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Growth is a complex process and requires the coordination of several hormones of which the main one is growth hormone. It is produced by the pituitary gland and acts on the liver, stimulating it to produce another hormone. It is this second hormone, which directly affects the growth of bone and muscle. Growth hormone also helps to control the body´s use of proteins, carbohydrates and fats.
Babies' length, mass and head size are routinely measured during the first few months of life. Growth problems may be highlighted when the results are plotted on Average Growth Charts, although such charts are used only as a guide.
A percentile is a score below which a certain percentage of the scores may be found in a set of data, or distribution. For example, 98% of the data points are found below the 98th percentile, whereas only 2% are found below the 2nd percentile.
In children, if there is not enough growth hormone, growth does not happen at the normal rate and this can result in dwarfism. The treatment for this deficiency is to give the child growth hormone which, nowadays, is produced by genetic engineering.
If too much growth hormone is produced in childhood, then giantism results. The most famous case of giantism is that of Robert Wadlow. He weighed a normal 8.5 pounds at birth but by 5 years of age he weighed 7.5 stones and was 5 ft 4 tall. As an adult he weighed 35 stones and was 8 ft 11 tall. He died aged 22 years.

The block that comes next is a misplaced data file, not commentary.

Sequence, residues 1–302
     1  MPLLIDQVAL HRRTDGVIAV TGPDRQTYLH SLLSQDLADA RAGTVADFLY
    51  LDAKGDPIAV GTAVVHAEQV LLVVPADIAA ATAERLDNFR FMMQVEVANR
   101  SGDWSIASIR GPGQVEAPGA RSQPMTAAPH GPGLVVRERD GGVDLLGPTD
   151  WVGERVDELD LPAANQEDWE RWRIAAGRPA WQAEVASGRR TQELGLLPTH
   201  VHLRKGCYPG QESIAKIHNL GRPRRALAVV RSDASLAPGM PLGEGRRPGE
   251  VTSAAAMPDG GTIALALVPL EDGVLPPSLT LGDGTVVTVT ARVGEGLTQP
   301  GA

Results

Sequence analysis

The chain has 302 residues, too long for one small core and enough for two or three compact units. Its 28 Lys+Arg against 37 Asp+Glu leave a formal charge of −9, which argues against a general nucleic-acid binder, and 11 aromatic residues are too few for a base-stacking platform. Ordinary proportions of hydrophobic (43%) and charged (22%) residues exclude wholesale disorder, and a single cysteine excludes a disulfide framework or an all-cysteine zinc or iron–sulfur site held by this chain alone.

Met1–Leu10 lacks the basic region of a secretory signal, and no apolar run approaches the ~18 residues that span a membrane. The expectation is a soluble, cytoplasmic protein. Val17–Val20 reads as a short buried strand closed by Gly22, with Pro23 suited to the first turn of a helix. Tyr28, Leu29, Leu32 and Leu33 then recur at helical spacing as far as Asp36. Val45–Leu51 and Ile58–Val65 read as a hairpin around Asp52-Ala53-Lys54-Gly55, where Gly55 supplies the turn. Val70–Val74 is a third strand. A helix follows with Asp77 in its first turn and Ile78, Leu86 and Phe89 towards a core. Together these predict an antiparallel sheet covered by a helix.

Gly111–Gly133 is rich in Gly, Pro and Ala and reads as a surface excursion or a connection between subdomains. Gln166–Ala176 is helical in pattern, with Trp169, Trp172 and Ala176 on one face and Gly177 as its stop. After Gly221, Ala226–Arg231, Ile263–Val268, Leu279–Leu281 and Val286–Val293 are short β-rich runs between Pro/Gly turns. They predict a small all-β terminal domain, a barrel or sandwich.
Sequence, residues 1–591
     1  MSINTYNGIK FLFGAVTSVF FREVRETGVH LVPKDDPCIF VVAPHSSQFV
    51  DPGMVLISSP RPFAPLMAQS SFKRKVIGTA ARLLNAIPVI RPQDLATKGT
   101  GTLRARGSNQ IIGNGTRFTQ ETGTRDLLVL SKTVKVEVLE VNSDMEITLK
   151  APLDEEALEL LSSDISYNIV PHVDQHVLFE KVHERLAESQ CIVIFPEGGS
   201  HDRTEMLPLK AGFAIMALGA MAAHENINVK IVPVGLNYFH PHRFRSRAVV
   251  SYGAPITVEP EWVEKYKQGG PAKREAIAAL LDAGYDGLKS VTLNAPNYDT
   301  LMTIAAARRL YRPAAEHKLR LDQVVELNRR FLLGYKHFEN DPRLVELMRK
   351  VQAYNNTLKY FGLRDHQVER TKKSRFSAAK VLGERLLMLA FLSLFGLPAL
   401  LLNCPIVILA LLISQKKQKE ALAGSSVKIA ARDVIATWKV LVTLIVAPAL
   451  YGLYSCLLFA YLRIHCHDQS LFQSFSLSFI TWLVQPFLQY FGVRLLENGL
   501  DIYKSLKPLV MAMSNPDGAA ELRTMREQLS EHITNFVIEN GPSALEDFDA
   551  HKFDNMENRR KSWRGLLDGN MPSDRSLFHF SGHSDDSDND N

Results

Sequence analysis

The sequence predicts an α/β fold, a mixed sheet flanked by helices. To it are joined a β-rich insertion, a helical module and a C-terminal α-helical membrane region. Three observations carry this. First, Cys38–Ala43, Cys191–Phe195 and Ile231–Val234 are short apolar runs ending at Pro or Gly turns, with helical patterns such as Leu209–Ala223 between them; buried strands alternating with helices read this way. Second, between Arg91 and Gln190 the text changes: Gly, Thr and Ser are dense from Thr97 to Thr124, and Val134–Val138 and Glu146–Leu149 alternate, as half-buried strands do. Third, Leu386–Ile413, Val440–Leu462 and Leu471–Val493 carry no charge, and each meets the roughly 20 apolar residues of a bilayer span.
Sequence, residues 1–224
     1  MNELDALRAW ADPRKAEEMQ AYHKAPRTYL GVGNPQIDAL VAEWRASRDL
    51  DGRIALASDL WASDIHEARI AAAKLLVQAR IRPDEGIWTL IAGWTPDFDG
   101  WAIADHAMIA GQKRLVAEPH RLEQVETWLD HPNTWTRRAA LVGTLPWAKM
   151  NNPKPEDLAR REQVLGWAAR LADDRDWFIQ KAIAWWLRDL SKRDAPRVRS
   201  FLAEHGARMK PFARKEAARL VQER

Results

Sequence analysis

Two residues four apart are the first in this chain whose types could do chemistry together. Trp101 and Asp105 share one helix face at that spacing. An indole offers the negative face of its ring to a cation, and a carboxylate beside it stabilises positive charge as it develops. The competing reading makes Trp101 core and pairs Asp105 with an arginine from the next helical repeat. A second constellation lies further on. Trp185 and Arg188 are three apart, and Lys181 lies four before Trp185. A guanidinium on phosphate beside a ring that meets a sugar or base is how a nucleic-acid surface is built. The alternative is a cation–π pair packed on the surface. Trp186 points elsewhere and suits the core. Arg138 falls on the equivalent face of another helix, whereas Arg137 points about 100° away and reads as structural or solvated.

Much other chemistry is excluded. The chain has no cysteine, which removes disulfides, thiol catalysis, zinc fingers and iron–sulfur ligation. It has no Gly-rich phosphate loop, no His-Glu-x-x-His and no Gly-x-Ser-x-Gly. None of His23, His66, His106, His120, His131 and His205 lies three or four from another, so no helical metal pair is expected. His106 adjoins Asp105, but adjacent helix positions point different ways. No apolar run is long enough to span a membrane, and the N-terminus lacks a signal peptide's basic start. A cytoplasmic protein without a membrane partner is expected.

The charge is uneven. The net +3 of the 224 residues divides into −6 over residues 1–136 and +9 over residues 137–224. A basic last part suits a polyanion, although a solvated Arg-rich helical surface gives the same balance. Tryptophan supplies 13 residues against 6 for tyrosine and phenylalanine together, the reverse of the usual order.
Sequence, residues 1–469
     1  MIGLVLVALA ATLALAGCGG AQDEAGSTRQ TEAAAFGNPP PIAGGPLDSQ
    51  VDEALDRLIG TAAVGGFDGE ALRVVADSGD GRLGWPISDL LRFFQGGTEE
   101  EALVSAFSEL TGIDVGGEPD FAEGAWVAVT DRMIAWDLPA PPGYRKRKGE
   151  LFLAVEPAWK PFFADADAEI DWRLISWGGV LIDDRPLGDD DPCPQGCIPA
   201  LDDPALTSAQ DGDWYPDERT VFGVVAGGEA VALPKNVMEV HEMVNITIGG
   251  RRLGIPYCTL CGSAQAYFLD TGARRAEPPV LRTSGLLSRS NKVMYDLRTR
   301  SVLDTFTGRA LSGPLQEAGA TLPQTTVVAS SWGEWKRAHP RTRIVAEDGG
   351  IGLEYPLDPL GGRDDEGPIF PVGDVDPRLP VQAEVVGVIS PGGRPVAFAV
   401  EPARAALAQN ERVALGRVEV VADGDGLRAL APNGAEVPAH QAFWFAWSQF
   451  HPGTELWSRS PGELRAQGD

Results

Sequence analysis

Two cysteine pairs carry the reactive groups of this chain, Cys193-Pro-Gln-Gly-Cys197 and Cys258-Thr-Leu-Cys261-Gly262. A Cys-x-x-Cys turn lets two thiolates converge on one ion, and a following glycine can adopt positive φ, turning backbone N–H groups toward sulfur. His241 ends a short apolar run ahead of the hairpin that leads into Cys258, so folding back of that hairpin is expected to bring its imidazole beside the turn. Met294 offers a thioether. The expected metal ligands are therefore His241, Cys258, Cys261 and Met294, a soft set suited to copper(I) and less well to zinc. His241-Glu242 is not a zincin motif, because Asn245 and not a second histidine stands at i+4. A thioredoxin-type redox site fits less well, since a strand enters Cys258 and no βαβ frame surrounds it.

Extremes in height (dwarfism and giantism) can also be inherited from parents in the genes. Too much growth hormone in adults results in a disease called acromegaly in which there is an overgrowth of bone giving the person a change of appearance. This happens slowly over a long period of time.
Genetic engineering means that there is a plentiful supply of growth hormone for everyone who needs it. Growth hormone might have a role in anti-aging treatments and this is being researched at present. The cow version, bovine growth hormone, and the pig version, porcine growth hormone, have been used in animals to increase yields of milk and of leaner meat without any harmful effects on humans who eat the meat.
Robert Wadlow in 1936 next to his brother (Photo used with permission of The (Alton, IL) Telegraph)